What is the number one backcountry skill people should learn?

What is the number one skill people should learn in case they get lost in the backcountry? The Editors Santa Fe, NM

Tony Nester

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On a physical level, firemaking–and the ability to make it under any conditions–is the hallmark skill of a competent wilderness traveler. You should be skilled at creating fire in the rain, deep snow, at night, with one hand, and so on. Your life, or the lives of your party (or clients), may one day depend on how well you have mastered this critical area of survival.

Now, I am not talking about the art of rubbing two-sticks together or fire-by-friction. This is an advanced bushcraft skill and not something you want to rely on if you are truly lost and hypothermic. I am referring to modern firemaking using a spark-rod, lighter, and matches along with a quality tinder like cottonballs smeared with Vaseline.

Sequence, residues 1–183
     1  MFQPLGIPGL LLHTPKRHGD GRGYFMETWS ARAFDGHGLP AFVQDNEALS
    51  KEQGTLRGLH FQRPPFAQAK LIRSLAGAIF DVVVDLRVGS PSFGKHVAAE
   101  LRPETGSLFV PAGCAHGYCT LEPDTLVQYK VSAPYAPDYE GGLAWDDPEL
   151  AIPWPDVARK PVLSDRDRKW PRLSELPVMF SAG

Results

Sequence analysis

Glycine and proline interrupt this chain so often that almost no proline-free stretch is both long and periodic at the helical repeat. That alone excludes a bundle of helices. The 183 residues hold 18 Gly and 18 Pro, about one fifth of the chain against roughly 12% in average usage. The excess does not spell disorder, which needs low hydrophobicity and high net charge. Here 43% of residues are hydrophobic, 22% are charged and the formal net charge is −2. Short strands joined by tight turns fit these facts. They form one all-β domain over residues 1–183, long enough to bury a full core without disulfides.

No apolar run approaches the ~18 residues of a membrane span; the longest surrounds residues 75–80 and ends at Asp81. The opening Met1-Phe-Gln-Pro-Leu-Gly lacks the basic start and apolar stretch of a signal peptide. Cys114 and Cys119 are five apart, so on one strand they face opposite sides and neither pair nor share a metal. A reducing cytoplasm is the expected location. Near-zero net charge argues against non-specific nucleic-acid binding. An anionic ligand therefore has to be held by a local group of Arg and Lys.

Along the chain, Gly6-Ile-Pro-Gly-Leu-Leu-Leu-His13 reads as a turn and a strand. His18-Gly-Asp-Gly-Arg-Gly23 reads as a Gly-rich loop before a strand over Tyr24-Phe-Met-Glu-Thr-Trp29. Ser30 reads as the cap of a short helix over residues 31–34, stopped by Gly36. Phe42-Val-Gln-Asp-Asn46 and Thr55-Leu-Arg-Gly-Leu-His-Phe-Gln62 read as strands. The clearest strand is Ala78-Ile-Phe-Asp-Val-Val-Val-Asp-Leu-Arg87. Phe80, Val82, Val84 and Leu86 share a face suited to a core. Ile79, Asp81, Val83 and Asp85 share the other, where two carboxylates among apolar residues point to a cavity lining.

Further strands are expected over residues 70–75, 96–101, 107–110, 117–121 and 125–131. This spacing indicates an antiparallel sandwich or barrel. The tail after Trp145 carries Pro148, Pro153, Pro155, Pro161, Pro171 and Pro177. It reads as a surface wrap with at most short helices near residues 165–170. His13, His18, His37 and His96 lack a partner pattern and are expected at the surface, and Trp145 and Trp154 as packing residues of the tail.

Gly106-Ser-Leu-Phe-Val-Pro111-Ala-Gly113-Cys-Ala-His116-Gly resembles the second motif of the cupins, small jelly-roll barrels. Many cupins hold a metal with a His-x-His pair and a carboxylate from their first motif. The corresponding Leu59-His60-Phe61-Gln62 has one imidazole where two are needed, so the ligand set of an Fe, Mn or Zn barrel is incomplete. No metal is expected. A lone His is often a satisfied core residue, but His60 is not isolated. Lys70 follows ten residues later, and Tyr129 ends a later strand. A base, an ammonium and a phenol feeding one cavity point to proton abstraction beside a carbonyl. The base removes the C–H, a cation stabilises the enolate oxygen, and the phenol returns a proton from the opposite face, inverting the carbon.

Practice making fire regularly with the above items on your family camping trips, backyard barbecues, and wilderness outings as such skills are perishable. Remember you will perform in the wilds under actual duress the way that you have trained, so ingrain the skills in your head and hands before you need them in a true survival situation.

On a mental level, the number one skill is mindfulness, or situational awareness. Be aware of your surroundings on a constant basis, and don’t forget to look over your shoulder at the landmarks as you hike along. These landmarks, such as boulders, hilltops, canyons, power lines, etc… will be your reference points upon returning along that same trail later. Most people stare at the heels of the hiker in front of them and forget to look around. Pay attention to the natural world unfolding around you!

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